Despite the urging of Australia's government, the Bush administration filed terrorism charges Thursday against David Hicks, an Australian citizen suspected of aiding the Taliban in Afghan-istan. He has been held at Guantánamo Bay, Cuba, for more than five years without trial.

Personal incomes rose in January at the fastest clip in a year (1 percent), while spending on housing construction fell sharply (1.8 percent) amid an industry slump, the Commerce Department said Thursday.

Suspected Al Qaeda operative Jose Padilla is competent to stand trial despite defense arguments that his 3-1/2 years in a military brig have impaired his mental capacities, a US district judge ruled Wednesday in Miami. The trial of Padilla, a US citizen, and two co-defendants is set to begin April 16.

The Recording Industry Association of America said Wednesday it has begun sending out letters to college students, warning them of potential copyright infringement lawsuits for downloading pirated music. In the first wave, 400 letters were sent to students at 13 universities, saying they can avoid lawsuits by paying a fine and promising to cease illegal downloads.

California could become the first state to give all newborns a $500 savings account if a bill, introduced Wednesday in the state Senate, passes. Recipients would have to repay the principal once they turned 18, and the money could be used only for education, house down payments, or retirement accounts.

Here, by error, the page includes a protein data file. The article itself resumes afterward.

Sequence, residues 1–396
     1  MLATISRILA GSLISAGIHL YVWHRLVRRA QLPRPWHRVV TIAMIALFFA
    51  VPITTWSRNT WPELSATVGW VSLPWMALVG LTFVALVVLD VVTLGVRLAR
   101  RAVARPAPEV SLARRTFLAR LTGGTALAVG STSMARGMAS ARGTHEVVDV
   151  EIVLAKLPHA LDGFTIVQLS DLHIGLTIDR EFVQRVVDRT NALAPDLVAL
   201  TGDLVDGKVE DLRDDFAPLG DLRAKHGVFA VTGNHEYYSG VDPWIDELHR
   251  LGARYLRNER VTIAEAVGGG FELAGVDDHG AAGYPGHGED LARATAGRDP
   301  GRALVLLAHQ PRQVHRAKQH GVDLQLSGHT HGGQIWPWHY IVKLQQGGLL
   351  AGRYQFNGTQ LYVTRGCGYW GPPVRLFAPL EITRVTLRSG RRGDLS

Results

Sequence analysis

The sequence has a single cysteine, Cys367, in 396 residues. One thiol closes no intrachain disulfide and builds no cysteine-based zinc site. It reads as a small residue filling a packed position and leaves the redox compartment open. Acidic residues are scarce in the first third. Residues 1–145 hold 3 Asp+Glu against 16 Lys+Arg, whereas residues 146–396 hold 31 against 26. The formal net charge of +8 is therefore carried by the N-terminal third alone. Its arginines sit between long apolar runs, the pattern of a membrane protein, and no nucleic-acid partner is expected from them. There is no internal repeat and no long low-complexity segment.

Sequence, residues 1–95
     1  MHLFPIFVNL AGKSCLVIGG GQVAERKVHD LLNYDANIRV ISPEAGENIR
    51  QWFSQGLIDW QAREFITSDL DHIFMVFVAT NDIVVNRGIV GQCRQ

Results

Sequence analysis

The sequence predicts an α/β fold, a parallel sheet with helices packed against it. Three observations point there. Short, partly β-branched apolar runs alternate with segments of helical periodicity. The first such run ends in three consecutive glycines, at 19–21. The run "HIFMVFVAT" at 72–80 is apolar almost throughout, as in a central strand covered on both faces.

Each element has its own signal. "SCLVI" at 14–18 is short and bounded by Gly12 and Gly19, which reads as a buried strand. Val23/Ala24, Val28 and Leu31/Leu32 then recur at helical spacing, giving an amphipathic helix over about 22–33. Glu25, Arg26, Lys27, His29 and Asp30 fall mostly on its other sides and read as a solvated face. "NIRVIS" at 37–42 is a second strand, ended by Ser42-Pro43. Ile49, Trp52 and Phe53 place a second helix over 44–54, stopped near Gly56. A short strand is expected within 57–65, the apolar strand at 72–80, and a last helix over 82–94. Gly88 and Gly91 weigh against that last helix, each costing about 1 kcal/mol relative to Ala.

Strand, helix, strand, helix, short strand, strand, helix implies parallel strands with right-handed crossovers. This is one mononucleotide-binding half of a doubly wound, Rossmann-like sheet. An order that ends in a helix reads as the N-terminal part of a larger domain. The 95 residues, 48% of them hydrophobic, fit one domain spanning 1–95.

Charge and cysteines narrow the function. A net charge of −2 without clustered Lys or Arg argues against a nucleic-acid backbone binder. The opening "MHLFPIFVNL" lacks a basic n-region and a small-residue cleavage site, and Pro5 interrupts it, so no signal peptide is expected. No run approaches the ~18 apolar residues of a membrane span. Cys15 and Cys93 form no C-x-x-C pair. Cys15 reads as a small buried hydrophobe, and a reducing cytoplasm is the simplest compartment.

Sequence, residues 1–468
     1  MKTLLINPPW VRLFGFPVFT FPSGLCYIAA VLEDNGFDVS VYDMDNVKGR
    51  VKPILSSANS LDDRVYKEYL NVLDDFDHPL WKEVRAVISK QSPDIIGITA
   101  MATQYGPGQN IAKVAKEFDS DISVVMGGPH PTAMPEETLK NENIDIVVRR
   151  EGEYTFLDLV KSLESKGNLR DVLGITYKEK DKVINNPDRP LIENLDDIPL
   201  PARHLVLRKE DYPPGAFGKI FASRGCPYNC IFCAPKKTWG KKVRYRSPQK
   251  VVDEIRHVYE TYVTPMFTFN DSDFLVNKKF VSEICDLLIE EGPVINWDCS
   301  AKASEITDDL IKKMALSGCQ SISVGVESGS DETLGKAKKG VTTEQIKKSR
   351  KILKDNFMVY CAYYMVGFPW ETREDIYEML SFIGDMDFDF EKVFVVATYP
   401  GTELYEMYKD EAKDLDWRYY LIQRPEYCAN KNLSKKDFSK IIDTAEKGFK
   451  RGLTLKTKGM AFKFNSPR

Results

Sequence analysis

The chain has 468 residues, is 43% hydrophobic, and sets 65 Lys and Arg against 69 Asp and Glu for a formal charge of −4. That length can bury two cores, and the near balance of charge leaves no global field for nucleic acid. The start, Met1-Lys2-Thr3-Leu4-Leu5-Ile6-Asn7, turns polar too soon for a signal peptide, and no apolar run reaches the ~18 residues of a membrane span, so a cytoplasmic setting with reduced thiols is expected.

Federal prosecutors charged 19 people Wednesday of taking guns purchased by individuals with clean records in Mississippi and selling them to street gangs in Chicago, a violation of interstate law.

Attorney General Alberto Gonzales said Wednesday that a federal sting operation had dealt a serious blow to a Mexican drug cartel that is "one of the largest and most significant [drug] trafficking organizations" in the US. The multistate bust netted nearly 37,000 pounds of marijuana and cocaine and dozens of arrests, authorities said.

The independent Commission on the National Guard and Reserves concluded Thursday that reserves don't get enough money or equipment and that the leadership is left out of planning for national emergencies.

Historian Arthur M. Schlesinger Jr., who died Wednesday in New York, served in the Kennedy White House and won Pulitzer Prizes for books on two presidential administrations: Kennedy's and Andrew Jackson's.

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